Generalized Anxiety Disorder

Do you worry about anything and everything for as long as you can remember?Tips-On-How-To-Stop-Anxiety-Attacks-300x216

Is your mind constantly skipping form one concern to the next?

Are you often worried about your career, finances, health, or the health of your family members?

Do you have a hard time distracting yourself from these worries?

Generalized Anxiety Disorder (GAD) is characterized in the DSM-5 as:

  • Excessive anxiety and worry that’s difficult to control, and 
  • feeling restless, fatigued, or irritable.
  • Also, individuals complain have muscle tension, difficulty concentrating, and insomnia.

If you find these anxieties to be distressing, discuss your concerns with a mental health professional and request a GAD screening.

Cognitive-behavioral therapy (CBT) is an effective treatment for reducing and eliminating the symptoms of GAD.

Guest Blog: Emotional Eating

I wrote a guest blog on emotional eating for Mandy Seay, RD, LD, a nutrition consultant and freelance writer in Austin, TX.

Emotional eating, consuming food to feed a feeling, is the main cause of overeating.

You can read the article here on her Nutritionistics website.

How Do You Relieve Tension?

What do you do when you’re feeling stressed out?

It’s important to have a list of options you can choose from. Here are a couple of ideas to add to your tension relieving tricks.

  • Deep breathing (You can find directions here)
  • Taking a 15-20 minute walk
  • Meditating
  • Making a daily list with realistic goals or errands
  • Writing
  • Call a friend
  • Play with your child
  • Take a hot bath
  • Listen to music
  • Get a massage
  • Pet your pet (You can read a previous post on this here)

What are some other healthy strategies you use to relieve tension?

Stress Reduction: Basic Deep Breathing

Did you know that relaxation and tension are relatively incompatible sensations?

A quick an easy way to reduce stress is through deep breathing.

The next time you are feeling stressed, try this 3-step process:

  • Inhale through your nose bringing the air deep into your chest
  • Hold for 3 seconds
  • Slowly exhale through your mouth

Repeat these steps several times. Practice deep breathing in your car, on a walk, or when you find yourself in the midst of a heated discussion.


Managing Holiday Season Stress

The holiday season is a joyous time, and Christmas is only one week away as I write this post. It’s a time to relax, reconnect with family and friends, and outfit the home with festive decorations. Most of us are also juggling gift shopping, wrapping presents, traveling, and perhaps worrying about the additional expenses that come with the holidays.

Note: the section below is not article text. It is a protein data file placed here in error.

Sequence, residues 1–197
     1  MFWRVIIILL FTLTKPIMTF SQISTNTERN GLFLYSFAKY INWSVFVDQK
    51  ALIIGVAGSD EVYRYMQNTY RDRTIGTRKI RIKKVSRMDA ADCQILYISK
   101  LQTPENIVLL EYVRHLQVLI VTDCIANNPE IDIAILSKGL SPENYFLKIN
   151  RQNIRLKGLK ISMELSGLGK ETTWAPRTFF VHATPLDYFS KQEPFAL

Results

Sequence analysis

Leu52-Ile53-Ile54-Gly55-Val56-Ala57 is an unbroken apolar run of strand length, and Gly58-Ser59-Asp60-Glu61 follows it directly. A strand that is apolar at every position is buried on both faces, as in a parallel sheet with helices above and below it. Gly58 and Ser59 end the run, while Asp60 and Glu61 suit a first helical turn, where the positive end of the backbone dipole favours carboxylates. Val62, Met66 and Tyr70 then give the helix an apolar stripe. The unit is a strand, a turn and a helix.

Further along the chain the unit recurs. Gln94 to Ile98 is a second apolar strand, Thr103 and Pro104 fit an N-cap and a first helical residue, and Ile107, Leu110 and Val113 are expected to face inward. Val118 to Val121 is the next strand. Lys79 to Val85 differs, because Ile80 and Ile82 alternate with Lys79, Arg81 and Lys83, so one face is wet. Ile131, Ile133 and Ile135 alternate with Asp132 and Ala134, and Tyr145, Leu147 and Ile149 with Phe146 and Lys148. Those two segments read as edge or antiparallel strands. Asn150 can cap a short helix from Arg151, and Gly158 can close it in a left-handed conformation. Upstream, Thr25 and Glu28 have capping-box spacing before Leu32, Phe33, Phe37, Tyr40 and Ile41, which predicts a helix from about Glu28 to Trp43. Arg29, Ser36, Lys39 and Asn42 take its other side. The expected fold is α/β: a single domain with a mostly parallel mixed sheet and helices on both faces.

Here are some tips to buffer against stress over the holidays.

  • Delegate– Do you really have to do all the Christmas shopping yourself? No! Even if you are the best gift shopper and wrapper, you can still delegate other tasks such as grocery shopping, childcare, food prep, and daily household chores.
  • Create a budget– I’m assuming that you haven’t been saving all year for gifts. The only way to know how much money you have to spend toward the holidays is by calculating disposable money from paid bills. Withdraw this money from the bank and shop for presents using cash only. Decide in advance how much you will spend on each gift, and stick to your budget. If money is tight, consider baking or creating coupons such as “one night of free childcare.”
  • Use your planner– Keep track of events and errands by writing them down in your calendar or planner. Alleviate unnecessary mental energy needed to remember details. Just be sure to check your planner every day!
  • Create lists that include reasonable tasks- Feeling overwhelmed? What REALLY has to get done today? Write these down, and breakdown bigger tasks into smaller, manageable ones. You may realize that what you’re dreading is quite feasible. Also, checking off as you complete your tasks easily creates a sense of accomplishment.
  • Avoid over scheduling- Practice saying “No.” Selecting the most important activities to attend and declining the rest promotes good personal boundaries and putting yours needs first.
  • Use an easy relaxation technique- Breathe. Deeply. Practice inhaling to the count of four, hold for four, and exhaling to the count of four. Deep breathing is an effective way of staving off anxiety.